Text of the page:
The day before Ash Wednesday (when the Christian season of Lent begins) is known as Fat Tuesday or Shrove Tuesday. It is celebrated as Mardi Gras in places influenced by French culture, like the bawdy celebrations down in New Orleans. But in Hawaii, it has another name: Malasada Day.
We enjoyed a classy meal and a night on the town in Yokohama.
We got off work early and took the train to Yokohama, where we walked the Minato Mirai waterfront to the World Porters Mall. Our hosts had made dinner reservations for us at Maimon Restaurant, upstairs on the 5th floor. The decor was distinctly high-class, not like the homey Za-Watami Izakaya experience of the other night.
All work and no play makes Nate a dull boy.
Spending full work days in a single conference room is not the most fun thing to do. Our workshop’s organizers realized that, so they made sure to include one “team building” activity which involved getting off work a little early, and taking a train to Yokohama to have dinner in Minato Mirai. It was about a half-hour trip from Shonandai to the Sakuragicho station where we disembarked and joined the madding crowd.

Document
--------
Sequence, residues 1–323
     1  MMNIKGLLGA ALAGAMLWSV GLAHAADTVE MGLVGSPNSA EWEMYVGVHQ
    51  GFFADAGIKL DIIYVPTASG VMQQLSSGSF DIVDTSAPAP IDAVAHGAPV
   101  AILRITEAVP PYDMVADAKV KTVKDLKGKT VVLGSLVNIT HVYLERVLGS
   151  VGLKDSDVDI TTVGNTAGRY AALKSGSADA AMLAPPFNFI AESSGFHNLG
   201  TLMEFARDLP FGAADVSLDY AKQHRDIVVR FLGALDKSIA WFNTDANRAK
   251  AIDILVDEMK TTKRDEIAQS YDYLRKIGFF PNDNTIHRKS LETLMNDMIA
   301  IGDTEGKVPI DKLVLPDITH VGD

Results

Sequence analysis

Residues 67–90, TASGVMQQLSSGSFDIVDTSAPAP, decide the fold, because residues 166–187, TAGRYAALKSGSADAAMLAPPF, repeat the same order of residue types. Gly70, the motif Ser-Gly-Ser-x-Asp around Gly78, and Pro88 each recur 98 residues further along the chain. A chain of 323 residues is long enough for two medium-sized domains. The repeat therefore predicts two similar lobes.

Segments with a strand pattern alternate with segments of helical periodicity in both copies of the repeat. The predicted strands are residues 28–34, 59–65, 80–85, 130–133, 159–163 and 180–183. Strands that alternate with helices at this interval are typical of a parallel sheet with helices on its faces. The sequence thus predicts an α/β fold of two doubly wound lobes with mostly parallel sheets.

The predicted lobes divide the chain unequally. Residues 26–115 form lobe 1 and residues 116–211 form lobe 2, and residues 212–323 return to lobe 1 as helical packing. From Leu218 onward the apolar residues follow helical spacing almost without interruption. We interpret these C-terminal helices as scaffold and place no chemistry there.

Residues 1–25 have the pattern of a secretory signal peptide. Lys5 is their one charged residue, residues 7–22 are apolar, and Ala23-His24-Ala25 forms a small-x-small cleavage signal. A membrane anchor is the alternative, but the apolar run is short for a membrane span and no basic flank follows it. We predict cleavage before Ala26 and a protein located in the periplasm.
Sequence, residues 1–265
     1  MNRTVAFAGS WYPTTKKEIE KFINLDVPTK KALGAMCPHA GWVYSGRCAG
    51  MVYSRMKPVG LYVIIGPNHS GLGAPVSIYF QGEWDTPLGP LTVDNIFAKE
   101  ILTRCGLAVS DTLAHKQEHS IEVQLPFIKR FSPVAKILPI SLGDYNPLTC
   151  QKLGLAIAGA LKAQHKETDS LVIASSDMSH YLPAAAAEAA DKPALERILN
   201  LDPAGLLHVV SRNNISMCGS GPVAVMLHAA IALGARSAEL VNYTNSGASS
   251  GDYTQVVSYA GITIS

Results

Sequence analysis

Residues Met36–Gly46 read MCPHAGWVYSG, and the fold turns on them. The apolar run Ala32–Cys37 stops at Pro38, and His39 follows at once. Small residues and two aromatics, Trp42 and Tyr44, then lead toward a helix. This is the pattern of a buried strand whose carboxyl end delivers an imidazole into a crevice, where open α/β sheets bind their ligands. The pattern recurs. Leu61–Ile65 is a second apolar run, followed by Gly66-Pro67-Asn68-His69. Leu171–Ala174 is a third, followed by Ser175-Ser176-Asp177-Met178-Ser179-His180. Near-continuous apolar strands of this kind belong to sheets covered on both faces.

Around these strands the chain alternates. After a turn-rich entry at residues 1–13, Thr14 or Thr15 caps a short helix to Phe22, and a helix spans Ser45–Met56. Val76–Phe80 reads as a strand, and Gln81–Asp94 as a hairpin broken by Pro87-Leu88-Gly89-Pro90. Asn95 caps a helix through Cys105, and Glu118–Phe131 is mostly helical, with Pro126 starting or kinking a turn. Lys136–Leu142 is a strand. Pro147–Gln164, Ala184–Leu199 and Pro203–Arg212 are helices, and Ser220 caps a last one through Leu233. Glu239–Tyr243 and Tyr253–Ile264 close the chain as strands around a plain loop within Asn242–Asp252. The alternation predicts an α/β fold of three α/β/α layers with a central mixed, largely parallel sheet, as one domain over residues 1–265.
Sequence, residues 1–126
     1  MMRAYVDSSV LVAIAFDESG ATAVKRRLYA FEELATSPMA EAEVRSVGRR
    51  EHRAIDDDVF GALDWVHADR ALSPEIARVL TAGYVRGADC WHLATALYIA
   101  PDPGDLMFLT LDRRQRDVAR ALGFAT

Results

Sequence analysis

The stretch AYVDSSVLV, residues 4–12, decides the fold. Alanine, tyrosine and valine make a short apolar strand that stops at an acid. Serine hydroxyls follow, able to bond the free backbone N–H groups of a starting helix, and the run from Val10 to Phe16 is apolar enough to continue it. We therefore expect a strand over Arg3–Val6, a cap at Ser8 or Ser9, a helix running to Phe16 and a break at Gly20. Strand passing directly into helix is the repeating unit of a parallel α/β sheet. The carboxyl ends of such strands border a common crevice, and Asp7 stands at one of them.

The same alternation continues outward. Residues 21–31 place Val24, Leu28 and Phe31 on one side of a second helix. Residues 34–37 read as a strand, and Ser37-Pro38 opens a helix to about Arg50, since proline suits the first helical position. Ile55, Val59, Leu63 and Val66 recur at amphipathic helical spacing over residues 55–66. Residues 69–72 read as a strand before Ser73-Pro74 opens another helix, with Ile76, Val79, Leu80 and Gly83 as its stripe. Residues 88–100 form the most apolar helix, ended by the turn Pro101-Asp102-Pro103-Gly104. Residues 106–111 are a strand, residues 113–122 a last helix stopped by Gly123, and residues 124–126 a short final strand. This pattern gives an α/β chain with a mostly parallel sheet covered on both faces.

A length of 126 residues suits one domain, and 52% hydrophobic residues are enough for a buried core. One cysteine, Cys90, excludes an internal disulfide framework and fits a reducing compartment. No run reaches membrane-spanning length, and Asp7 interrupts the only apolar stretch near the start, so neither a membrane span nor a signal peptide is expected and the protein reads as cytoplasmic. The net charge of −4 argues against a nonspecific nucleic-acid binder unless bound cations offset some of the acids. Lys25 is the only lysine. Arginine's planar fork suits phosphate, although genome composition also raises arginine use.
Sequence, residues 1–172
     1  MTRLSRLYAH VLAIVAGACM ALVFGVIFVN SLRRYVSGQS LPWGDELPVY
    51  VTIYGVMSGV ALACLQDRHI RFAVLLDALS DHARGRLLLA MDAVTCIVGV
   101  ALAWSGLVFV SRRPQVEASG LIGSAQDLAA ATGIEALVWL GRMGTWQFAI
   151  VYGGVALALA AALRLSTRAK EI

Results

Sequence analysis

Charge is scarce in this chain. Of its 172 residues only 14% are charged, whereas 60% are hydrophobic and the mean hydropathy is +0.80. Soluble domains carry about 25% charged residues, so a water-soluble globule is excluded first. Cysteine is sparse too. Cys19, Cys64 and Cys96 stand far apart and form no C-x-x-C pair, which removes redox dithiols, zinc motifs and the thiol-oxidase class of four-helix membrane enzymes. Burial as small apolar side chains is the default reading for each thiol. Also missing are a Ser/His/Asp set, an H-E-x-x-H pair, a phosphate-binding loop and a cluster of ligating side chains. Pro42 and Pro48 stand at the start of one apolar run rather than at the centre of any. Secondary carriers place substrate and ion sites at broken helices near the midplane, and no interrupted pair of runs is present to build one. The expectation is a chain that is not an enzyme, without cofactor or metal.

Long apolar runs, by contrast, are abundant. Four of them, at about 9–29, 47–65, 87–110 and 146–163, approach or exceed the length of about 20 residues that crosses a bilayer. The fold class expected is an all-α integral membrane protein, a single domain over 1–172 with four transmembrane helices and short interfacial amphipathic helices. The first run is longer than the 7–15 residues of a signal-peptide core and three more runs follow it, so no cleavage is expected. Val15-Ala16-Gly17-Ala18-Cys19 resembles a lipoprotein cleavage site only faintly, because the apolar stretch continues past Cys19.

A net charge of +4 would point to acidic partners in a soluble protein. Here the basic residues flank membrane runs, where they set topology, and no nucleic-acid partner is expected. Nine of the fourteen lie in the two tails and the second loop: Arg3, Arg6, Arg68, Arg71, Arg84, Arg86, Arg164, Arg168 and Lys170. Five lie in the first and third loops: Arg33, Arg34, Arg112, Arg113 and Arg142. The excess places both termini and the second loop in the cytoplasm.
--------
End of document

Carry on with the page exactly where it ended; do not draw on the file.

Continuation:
We’re big fans of ramen. We try to eat them wherever we are. Our favorite in Hawaii is Yotteko-ya. Our favorite in San Jose was Tokushima do Henkotsu (but they closed down) and in Singapore, we found Ippudo to be really good too.
Sure seems like we are into tonkotsu style more than any other type of ramen, though I enjoy my fair share of shoyu ramen. So anyway, when I was searching for where to go for ramen in Japan, I came across several sites talking about the Raumen Museum in Yokohama. It sounded really intriguing and when I mentioned it to Nate, he thought it was worth visiting.
So that evening after a full day and night of traveling to Japan, heading to Yokohama and seeing the sights, we decided to take the subway up to Shin-Yokohama and have dinner at the Raumen Museum. Truly, it wasn’t so much a visit to learn about ramen and its history. We were there for ramen!